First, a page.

There are a number of naturists/nudists who, for whatever reason, do not look upon gay or bisexual bare practitioners (nudists) as members of the naturist/nudist community. In their minds, anyone who isn’t “opposite-gender-loving” (heterosexual) has no place within the clothes-free culture. It’s as though we don’t even exist, even as we “non-exist” without clothing, just like themselves.
These judgments against the validity of our bareness or nudity are based on their traditional beliefs of love as only being possible or legitimate if it is between one man and one woman. If this is indeed the case, then fine. That is your belief and I respect both you and your belief. But does that give you the right to invalidate my life and my nakedness? If it does, then the argument is identical to the one that the textiles (clothes-wearing) use to deny all of us the clothes-freedom that we all seek to enjoy. We may as well all get dressed in our clothes and go home.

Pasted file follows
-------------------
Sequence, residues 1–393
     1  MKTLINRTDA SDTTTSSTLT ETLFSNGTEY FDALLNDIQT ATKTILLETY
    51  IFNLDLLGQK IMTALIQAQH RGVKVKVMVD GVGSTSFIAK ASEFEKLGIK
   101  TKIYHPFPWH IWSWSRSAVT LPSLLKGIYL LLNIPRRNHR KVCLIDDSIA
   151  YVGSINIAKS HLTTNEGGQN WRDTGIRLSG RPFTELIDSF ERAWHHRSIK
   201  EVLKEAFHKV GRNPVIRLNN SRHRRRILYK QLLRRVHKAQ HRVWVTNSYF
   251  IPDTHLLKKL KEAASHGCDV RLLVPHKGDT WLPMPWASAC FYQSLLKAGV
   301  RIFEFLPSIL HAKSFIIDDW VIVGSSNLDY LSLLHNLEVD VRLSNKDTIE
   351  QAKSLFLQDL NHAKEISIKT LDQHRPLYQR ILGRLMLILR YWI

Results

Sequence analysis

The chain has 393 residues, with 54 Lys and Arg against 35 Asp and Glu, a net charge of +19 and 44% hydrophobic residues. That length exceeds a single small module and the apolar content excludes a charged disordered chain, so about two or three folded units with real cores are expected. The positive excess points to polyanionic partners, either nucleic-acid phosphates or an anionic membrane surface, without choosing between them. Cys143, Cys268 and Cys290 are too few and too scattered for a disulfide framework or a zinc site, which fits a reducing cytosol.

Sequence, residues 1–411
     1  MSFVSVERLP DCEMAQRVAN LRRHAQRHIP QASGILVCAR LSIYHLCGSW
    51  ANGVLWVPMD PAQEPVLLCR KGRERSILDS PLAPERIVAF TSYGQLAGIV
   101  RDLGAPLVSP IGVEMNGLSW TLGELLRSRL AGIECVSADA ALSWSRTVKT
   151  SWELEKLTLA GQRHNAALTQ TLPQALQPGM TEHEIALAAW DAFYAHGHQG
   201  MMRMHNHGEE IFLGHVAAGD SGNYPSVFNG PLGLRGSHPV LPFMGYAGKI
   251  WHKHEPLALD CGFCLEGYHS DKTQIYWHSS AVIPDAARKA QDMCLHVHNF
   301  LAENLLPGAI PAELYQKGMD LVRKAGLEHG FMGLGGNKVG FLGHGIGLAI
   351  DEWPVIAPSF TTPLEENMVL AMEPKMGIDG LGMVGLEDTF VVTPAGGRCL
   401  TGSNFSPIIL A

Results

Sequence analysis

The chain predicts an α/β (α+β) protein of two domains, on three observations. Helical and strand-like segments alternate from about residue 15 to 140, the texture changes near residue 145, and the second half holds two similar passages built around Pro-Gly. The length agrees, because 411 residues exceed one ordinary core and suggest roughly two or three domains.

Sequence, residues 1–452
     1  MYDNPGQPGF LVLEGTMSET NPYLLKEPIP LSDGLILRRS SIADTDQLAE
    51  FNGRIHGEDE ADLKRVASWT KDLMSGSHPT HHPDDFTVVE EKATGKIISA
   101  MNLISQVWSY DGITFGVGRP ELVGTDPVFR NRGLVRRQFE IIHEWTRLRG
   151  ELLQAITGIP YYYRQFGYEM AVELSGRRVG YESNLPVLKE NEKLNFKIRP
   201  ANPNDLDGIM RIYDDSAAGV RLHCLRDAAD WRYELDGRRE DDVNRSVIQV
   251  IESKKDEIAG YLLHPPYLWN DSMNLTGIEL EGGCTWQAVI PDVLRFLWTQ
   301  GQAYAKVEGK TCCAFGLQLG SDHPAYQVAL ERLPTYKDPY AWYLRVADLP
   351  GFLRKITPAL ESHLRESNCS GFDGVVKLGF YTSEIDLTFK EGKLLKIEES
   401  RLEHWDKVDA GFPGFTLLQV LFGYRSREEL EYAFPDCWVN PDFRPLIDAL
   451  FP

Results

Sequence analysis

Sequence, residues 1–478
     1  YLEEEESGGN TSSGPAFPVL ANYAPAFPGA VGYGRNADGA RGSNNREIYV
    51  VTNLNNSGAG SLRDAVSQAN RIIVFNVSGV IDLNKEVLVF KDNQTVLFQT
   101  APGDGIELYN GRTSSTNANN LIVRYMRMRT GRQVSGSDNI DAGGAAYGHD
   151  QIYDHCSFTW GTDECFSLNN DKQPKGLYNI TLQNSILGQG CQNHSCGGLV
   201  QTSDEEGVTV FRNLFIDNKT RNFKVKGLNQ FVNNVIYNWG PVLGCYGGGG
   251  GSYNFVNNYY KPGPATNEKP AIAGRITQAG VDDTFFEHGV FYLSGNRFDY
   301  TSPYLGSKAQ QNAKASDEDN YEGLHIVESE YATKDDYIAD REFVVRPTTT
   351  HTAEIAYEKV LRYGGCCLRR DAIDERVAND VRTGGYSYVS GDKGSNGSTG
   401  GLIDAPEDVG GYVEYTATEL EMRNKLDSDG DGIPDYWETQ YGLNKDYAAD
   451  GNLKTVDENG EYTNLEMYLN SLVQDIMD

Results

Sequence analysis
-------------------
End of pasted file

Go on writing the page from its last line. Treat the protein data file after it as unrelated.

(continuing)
Another chronic complaint against bisexual and/or gay naturists/nudists is that we’re all naked just for sexual availability. I strongly take issue with that generalization. We are no more interested in sexual activity than the our heterosexual nude brothers and sisters. I am bare because I like being without any garments on my body. My nude friends who are gay or bisexual feel the same. Just as most of the textile-free world, gay and bisexual nudists prefer not wearing clothing because that is what is most comfortable for us. We’re no different from our opposite gender attracted nude counterparts in that regard.